When Peter sank, Jesus spoke and said in 14:31, “You of little faith.  Why did you doubt?”  Now the question comes.  Why would Jesus say this to Peter?  Why not say this to the other eleven men cowering in the boat with their jaws on the deck.  Why call Peter out?  I think the answer to this question (while I cannot know for sure) is found in the weight room at the local fitness club.

You see, Jesus’ goal for every person is that they would grow in their faith in Him.  Jesus wants us to trust Him.  Though His goal for each of us is the same, by faith, each of us (at different times in our lives) can “lift” different amounts.  Some can only lift the bar and others can bench press a mobile home.  Spiritually speaking this translates into the fact that our faith grows over time as we exercise it.  It is a significant faith step for a mature Christian to trust God with cancer or the death of a child, but it is also an equally significant step of faith for a new Christian to trust God with the forgiveness of his or her sins—something that a more mature Christian had trusted Christ with long ago.  Our faith grows over time, and as God grows our faith, each day/season/year is filled with different “weights” that God has placed on the bar.  

Based on who Peter was and all that Jesus had taken Him through (including the initial steps he took on the water) Jesus wanted Peter to persist in that faith and lift even more.  Once Peter walked on the water, Jesus expected him to keep walking.  For the rest of the disciples in the boat, their faith steps may have had less “weight.”  Their faith steps may have involved just ceasing to be afraid, or believing that Jesus could really perform such a miracle.  This is the progressive nature of growth in the Christian life.

What about you?  As you live out your life today, what are the weights that God is asking you to lift by faith?  It is probably different for every person, but they all have the same goal … to grow us in our depth of relationship with Jesus Christ.  Don’t spend a lot of time comparing yourself to others, growing fearful of participating in the spiritual life because you don’t think you can lift as much as the next guy.  Know that Christ has put the weight on your bar that is appropriate for you to grow in faith.  Believe that and then trust Him.  If you do, you will find that your faith is stronger tomorrow than it is today.

Jesus walking on water is the fifth miraculous sign John records arguing that Jesus is God.  May we grow in our faith in Him!


This devo is a part of the 2022 Wildwood Christmas Daily Devotional, “God with us.”  You can find the entire Christmas Devotional here.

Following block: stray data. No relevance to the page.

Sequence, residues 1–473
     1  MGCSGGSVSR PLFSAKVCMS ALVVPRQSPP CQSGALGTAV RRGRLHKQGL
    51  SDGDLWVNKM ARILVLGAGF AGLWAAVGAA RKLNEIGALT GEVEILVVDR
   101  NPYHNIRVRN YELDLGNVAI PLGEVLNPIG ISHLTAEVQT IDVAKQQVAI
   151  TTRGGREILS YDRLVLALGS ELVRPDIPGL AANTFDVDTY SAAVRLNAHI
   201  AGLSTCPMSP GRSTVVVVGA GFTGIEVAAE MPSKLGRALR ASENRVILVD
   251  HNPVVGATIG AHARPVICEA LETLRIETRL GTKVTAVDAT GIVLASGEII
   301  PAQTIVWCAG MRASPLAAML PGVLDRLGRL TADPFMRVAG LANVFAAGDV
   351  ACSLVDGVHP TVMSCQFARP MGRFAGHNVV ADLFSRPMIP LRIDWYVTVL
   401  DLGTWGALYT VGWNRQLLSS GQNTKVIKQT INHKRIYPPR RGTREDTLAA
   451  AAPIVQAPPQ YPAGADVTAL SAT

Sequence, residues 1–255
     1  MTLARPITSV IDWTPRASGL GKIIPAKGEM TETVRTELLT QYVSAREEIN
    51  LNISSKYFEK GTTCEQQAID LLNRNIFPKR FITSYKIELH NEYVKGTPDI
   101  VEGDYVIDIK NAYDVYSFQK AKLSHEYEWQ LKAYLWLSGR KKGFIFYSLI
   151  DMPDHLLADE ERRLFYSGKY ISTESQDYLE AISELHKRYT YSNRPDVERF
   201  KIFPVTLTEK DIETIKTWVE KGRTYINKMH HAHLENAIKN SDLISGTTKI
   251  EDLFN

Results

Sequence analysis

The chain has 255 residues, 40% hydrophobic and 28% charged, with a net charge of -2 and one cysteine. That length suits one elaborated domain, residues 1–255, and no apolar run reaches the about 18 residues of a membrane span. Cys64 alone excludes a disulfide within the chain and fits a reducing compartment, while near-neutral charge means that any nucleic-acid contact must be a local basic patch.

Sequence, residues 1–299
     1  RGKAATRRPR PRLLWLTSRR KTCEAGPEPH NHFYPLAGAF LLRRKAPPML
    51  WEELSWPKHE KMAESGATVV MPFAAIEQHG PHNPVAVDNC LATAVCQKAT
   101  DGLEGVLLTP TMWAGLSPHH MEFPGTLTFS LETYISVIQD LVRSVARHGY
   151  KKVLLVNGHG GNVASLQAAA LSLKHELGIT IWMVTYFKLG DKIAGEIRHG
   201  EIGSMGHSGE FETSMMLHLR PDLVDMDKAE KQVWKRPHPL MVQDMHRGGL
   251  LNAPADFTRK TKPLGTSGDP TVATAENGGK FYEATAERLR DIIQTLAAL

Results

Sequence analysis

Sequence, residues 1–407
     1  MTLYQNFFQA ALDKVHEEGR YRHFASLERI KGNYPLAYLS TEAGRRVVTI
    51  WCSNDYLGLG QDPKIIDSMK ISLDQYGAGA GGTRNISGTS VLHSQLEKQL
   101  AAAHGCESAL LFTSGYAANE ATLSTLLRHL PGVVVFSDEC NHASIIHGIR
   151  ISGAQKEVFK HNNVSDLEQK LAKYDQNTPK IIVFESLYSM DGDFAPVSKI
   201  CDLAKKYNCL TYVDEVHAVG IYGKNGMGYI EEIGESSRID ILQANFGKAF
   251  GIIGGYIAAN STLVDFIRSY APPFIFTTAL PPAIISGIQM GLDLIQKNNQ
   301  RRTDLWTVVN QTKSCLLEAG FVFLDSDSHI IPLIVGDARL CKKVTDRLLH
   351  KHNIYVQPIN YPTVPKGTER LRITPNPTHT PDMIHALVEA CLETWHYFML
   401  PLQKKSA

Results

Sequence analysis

December 1 – Jesus is God: Saying #1

Growing up there were two toys I always THOUGHT I wanted, but never got.  These toys looked awesome in TV commercials and on the pages of the JC Penny Christmas catalog.  They were always surrounded by boys about my age looking like they had just won the lottery.  What were these toys?  The tabletop electronic football game, and the electronic slot race tracks.  

They looked awesome, so I often asked for them for Christmas, or birthday, or whatever.  However, I never got them.  Why?  Because I did not have parents who loved me?  No.  I did not get them because I DID have parents who loved me, and understood that these gifts were not all they were cracked up to be.  They both promised happiness in a flashy package, but they did not deliver the lasting enjoyment that other gifts would.

The tabletop electronic football game (after all) was just a vibrating board.  The slot race track was only fun the first time around.  After the initial excitement of opening the package, disappointment would almost surely soon follow.

In John 6, Jesus was reaching new heights in popularity.  He had just fed thousands of people and performed a number of other miracles that demonstrated His power and compassion.  People were flocking to Him from throughout the Galilean region.  Every time Jesus and the disciples would bring their boat ashore, a crowd was waiting for them.  One day as Jesus went ashore, the congregation was asking Him to do more miracles.  They had eaten the lunch at the feeding of the 5,000 and now had come back for seconds.  They said to Jesus, “Our fathers ate manna in the wilderness.”  The implication … God provided food EVERY DAY to the Israelites in the wilderness.  So, they were saying to Jesus, “If you are really from God, then give us DAILY bread and fish, like God did during the days of Moses.”